WSU Tree Fruit Research & Extension Center

Organic & Integrated Tree Fruit Production

Tuesday, December 11, 2018

Search CROPSYS

Browse on keywords: fertility OR disease

Use a different search term

Search results on 12/11/18

10338. Morrow, L.. 1992. Chloride fertilizers.. Growers Guide, Feb. 1992, p.A6.
Chloride is provided when KCl fertilizers are used. It affects photosynthesis, enzyme activation, cation transport, stomatal activities and other processes. In soil, Cl inhibits the conversion of ammonium to nitrate. This maintains a lower pH near the root. Cl increases the number of non-pathogenic organisms in the rhizosphere. Cl competes with nitrate for plant uptake, and reduces plant nitrate levels, which can also reduce certain plant diseases. Take-all, tanspot, stripe rust, septoria, leaf rust, and common root rot have all bee suppressed by chloride.

5735. Rasmussen, P.E. and C.R. Rohde. 1988. Stubble burning effects on winter wheat yield and N utilization under semiarid conditions.. Agronomy J. 80:940-942.
Burning vs. not burning was examined at 3 nitrogen levels over 6 years (3 crops). Burning had no effect on grain yield or grain N uptake. Burning increased straw yield when wheat was fertilized by N, but had no effect on straw N uptake. Burning did not decrease foot rot incidence or severity, but did reduce downy brome density. T: Effects of stubble burning and N fertilization on grain and straw of winter wheat 1980-85. Effect of stubble burning on foot rot infection. Effect of stubble burning on downybrome infestation.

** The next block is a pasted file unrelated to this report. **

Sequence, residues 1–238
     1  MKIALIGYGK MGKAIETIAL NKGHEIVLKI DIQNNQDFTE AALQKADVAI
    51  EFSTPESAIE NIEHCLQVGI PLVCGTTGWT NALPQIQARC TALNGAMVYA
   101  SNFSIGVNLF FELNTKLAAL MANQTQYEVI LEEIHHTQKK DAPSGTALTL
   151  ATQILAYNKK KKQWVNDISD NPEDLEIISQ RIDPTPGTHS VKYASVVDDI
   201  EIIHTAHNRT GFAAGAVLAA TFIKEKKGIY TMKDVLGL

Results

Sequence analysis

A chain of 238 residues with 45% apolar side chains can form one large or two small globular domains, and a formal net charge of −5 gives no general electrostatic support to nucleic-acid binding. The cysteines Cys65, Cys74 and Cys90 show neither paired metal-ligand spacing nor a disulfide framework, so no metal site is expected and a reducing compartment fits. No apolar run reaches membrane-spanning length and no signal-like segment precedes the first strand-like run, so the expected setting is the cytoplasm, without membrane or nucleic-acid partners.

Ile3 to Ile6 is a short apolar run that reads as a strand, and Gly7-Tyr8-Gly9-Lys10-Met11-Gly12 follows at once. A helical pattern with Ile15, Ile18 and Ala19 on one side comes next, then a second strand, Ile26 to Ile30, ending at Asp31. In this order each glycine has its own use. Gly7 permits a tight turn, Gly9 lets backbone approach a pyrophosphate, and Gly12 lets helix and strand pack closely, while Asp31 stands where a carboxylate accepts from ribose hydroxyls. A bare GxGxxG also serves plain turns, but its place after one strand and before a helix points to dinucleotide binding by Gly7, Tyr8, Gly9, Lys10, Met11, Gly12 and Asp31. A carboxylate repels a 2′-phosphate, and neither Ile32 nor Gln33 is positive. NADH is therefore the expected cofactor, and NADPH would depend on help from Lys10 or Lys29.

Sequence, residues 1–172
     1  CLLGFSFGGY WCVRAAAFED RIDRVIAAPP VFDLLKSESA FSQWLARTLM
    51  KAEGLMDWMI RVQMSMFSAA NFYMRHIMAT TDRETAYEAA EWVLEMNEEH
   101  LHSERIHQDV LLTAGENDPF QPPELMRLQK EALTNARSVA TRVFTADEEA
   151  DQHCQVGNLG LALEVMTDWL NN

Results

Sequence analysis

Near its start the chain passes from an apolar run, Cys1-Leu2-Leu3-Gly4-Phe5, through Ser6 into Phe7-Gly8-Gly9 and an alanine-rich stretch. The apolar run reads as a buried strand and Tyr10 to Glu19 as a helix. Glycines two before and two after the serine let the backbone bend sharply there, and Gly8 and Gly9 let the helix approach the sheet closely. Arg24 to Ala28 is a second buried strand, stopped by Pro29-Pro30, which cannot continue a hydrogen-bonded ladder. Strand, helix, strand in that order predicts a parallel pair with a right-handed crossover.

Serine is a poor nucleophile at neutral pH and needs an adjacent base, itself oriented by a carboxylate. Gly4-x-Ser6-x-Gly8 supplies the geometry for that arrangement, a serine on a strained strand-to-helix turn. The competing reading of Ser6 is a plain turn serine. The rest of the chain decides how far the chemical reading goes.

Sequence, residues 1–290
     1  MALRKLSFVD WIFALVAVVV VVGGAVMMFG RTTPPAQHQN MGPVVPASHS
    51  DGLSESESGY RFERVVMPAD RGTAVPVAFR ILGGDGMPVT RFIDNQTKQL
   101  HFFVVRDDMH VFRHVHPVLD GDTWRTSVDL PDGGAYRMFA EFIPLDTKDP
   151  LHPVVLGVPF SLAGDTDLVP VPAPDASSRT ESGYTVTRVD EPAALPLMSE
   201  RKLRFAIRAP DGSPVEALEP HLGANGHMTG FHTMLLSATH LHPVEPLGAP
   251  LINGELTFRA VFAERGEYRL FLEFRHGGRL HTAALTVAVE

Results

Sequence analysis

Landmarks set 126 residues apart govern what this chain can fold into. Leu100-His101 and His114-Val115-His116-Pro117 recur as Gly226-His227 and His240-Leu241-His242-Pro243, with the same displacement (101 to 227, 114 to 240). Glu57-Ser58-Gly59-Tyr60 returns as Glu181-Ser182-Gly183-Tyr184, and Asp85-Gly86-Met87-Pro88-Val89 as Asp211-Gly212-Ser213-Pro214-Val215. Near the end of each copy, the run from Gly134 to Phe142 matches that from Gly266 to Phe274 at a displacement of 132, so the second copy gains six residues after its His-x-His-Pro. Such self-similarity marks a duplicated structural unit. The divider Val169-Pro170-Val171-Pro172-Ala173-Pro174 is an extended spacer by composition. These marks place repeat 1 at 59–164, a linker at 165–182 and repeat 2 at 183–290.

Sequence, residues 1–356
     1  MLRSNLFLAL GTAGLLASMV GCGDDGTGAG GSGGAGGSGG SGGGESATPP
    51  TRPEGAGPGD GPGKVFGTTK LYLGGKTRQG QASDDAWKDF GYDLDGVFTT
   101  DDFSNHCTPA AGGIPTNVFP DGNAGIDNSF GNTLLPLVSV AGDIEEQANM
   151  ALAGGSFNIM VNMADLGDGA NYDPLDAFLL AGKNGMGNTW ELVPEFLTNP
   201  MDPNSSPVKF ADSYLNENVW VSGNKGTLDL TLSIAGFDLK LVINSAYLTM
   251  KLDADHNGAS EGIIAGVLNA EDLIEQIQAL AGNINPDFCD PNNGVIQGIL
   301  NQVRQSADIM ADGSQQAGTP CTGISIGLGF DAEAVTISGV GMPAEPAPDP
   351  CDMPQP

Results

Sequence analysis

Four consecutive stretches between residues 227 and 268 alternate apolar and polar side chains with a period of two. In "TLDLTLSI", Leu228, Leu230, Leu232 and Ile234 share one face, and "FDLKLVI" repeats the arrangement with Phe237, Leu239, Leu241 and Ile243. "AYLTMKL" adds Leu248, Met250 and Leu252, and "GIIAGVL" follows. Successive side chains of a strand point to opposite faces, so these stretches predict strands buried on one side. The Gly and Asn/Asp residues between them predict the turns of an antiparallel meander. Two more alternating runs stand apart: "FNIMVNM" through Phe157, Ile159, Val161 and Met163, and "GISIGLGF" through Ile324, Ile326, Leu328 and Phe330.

6359. Smiley, R., D. Wilkins, W. Uddin, S. Ott, K. Rhinhart, and S. Case. 1989. Rhizoctonia root rot of wheat and barley.. OR Agr. Expt. Sta. Special Report 840, p. 68-79..
Rhizoctonia root rot is now considered the most severe root disease of barley in the PNW. It is more important than take-all and Pythium on wheat produced in drier areas (<16" precip.). Based on long-term plots at Pendleton, different management systems are unlikely to greatly influence the biological resistance of soils to Rhizoctonia. Rotational crops susceptible to Rhizoctonia include wheat, barley, peas, chickpeas, lentils, and rapeseed. The disease is less apparent on small grains after legumes than after cereals. Rhizoctonia damage is always highest on no-till systems, but yields may not suffer due to improved water relations under conservation tillage. Australian research indicates that applications of N and P fertilizers can reduce the disease. There appear to be detrimental herbicide interactions with Rhizoctonia, particularly Glean on high pH soils. Also, the use of glyphosate increased disease incidence, perhaps by signalling the pathogens to move from the dying plants to newly seeded ones. A delay of at least 2 weeks is suggested between chem kill and planting of a new crop.

Use a different search term

Tree Fruit Research & Extension Center, 1100 N Western Ave, Washington State University, Wenatchee WA 98801, 509-663-8181, Contact Us